June 14, 2015

Melanie Atkins and Mississippi



My home state is Mississippi. Right now, I'm on my back porch listening to countless songbirds, a few croaking tree frogs, and a gaggle of honking geese flying over to another pond in search of food. My home is in a growing suburb of Jackson, our capital city, in an area that's not quite rural nor heavily suburban, a place where I feel safe and happy. A place that has changed immensely and yet not enough over the past hundred years or so.

Mississippi has a rich history and an even richer literary heritage, including the likes of William Faulker, Eudora Welty, and Barry Hannah, to name just a few of of the famous authors who once called my state home. This past Christmas, a friend and I ventured into the capital city to participate in a free Candlelight Tour of half a dozen historic homes and such near downtown. The tour began at the governor's mansion and included the Manship House, the Department of Archives and History, and the Eudora Welty House Education and Visitors Center, to name a few.  What a wonderful glimpse into the past. Each place was decorated for the holidays, and a few even boasted refreshments.
I enjoyed our stop at the Eudora Welty House Education and Visitors Center the most. Ms. Welty (1901-2001) grew up in Jackson in the house next door to the visitors center and attended the same schools as my father, albeit a few years earlier. He often told me stories about seeing her around town. Her home has since been added to the National Register of Historic Places. You can see pictures of it and read more about it here: http://eudorawelty.org/the-house/.

Eudora Welty graduated from what is now Mississippi University for Women in 1927 and completed her graduate studies at the University of Wisconsin and Columbia University in New York. She graduated from Columbia at the height of the Depression, when jobs were scarce, and had trouble finding work in New York City, so she returned home to Mississippi. She soon landed a job with the WPA, criss-crossing the state and meeting many interesting characters, some of whom later became the focus of her novels and short stories.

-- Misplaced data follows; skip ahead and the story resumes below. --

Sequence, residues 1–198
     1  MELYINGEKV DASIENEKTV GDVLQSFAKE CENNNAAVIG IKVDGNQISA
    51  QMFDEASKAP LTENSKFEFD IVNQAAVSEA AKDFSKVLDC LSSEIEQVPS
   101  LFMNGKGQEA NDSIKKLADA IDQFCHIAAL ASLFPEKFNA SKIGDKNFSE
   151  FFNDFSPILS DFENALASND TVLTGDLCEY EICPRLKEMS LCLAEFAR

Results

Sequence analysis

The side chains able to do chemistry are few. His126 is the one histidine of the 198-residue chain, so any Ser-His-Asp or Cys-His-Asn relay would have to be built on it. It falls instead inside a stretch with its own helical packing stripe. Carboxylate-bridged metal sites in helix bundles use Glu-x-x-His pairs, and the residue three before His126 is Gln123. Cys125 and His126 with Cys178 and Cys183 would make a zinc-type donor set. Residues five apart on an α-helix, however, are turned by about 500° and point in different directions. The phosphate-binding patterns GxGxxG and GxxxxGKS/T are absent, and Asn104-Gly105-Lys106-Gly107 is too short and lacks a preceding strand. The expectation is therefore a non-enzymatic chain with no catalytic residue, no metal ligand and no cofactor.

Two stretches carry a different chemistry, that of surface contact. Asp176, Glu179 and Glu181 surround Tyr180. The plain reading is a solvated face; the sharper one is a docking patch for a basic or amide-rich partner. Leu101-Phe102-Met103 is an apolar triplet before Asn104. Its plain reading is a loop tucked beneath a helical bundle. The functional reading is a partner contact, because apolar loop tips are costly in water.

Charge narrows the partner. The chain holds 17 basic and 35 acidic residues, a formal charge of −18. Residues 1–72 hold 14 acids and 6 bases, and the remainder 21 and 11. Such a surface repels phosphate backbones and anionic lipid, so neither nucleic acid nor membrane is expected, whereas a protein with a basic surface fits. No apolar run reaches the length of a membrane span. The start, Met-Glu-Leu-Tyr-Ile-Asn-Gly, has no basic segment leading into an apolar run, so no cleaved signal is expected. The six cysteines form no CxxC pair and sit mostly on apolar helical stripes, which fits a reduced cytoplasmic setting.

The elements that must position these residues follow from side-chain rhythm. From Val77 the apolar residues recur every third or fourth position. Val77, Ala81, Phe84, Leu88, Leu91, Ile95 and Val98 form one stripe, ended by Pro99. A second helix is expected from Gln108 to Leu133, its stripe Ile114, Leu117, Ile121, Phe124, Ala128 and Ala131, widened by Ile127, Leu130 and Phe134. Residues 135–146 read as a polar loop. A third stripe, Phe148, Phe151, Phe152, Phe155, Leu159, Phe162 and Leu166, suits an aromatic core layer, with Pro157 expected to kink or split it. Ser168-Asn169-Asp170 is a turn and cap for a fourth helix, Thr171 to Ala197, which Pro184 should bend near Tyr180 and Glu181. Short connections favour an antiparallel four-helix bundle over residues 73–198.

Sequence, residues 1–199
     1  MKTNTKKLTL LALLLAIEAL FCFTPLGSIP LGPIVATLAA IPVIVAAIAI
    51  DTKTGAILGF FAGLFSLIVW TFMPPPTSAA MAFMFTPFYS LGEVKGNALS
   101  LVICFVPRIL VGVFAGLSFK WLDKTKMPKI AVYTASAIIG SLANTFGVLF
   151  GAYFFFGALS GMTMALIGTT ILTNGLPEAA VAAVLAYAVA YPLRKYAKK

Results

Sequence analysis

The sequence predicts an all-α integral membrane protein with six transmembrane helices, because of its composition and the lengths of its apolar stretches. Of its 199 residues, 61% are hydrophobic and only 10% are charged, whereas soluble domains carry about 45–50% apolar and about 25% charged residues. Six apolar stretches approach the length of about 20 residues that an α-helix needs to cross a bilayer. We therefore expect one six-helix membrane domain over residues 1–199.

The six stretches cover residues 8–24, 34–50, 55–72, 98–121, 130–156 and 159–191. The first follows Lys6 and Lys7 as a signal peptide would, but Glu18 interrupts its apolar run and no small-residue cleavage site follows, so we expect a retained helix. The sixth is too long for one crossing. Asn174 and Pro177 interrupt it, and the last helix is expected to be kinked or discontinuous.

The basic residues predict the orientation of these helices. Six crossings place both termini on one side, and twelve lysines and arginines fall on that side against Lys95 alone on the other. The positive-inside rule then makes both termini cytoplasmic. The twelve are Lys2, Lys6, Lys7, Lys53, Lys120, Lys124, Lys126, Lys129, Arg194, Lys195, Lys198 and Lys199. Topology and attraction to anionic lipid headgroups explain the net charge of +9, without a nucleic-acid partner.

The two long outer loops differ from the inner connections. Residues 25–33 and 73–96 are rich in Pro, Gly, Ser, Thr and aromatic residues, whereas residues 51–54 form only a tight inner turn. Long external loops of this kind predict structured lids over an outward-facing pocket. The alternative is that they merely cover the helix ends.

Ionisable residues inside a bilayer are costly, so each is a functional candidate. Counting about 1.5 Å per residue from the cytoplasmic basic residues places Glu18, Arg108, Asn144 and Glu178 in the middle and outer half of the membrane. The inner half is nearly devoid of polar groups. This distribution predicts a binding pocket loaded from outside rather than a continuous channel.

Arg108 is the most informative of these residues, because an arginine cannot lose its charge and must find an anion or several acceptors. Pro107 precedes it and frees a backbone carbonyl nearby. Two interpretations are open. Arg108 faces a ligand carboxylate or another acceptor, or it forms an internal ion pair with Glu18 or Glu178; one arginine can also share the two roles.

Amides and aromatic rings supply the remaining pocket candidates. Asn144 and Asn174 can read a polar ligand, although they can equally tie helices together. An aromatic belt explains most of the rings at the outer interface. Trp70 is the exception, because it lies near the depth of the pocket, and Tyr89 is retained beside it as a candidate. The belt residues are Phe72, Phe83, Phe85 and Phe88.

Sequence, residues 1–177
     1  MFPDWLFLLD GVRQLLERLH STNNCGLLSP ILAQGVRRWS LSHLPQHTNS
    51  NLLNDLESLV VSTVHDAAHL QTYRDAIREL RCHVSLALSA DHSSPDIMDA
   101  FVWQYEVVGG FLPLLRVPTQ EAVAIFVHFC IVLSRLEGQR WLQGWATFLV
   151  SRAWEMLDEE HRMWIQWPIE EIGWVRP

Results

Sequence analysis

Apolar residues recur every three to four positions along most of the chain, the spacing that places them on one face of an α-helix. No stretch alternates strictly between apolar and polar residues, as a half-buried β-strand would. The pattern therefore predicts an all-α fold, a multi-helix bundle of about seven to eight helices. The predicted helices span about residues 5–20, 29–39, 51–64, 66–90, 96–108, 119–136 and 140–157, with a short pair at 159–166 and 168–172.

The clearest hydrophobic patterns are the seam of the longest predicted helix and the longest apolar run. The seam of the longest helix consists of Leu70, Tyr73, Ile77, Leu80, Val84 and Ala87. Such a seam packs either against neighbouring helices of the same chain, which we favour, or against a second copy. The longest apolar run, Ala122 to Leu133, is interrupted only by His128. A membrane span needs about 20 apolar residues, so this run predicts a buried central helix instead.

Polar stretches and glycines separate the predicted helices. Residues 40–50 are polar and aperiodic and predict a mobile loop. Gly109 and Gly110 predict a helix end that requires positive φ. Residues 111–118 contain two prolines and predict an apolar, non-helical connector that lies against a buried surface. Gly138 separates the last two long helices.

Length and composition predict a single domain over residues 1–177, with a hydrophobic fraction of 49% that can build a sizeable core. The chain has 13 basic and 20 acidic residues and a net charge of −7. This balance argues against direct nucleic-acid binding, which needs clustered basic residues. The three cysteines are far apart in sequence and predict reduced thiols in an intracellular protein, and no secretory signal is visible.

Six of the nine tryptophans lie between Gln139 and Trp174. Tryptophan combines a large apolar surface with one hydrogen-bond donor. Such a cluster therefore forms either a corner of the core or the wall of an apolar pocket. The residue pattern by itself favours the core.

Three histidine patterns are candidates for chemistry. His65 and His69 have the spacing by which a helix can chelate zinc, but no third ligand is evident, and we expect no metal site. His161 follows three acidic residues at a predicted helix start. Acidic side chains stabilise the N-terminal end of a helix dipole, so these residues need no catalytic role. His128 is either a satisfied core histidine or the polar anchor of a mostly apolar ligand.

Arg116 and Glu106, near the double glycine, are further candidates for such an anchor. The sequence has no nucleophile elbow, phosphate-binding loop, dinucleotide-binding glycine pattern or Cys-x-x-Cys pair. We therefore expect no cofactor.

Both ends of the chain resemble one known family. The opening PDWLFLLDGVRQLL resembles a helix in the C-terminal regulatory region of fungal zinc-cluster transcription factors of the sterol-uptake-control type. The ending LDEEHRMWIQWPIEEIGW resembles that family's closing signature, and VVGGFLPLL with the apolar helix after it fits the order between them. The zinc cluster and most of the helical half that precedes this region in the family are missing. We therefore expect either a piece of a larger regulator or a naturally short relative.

She published her first short story in 1936, and many more followed. Her short story collection A Curtain of Green, released in 1941, brought her a plethora of accolades and helped to grow her readership. She published her first full length novel, Delta Wedding, in 1946. One of her later novels, The Optimist's Daughter, published in 1972, earned her the Pulitzer Prize. Not one for praises, Ms. Welty tucked the Pulitzer away with all of her other honors, and none saw the light of day again until after her death, when workers found them in the top of her closet.

So many stories, and photographs, too. Ms. Welty was also an accomplished photograper, and many of her photos of life in Mississippi in the mid-20th century were included in the book Eudora Welty as Photographer, released in 2009. You may view some of her photographs here: http://eudorawelty.org/life-works/photography-art/. She was truly an artist.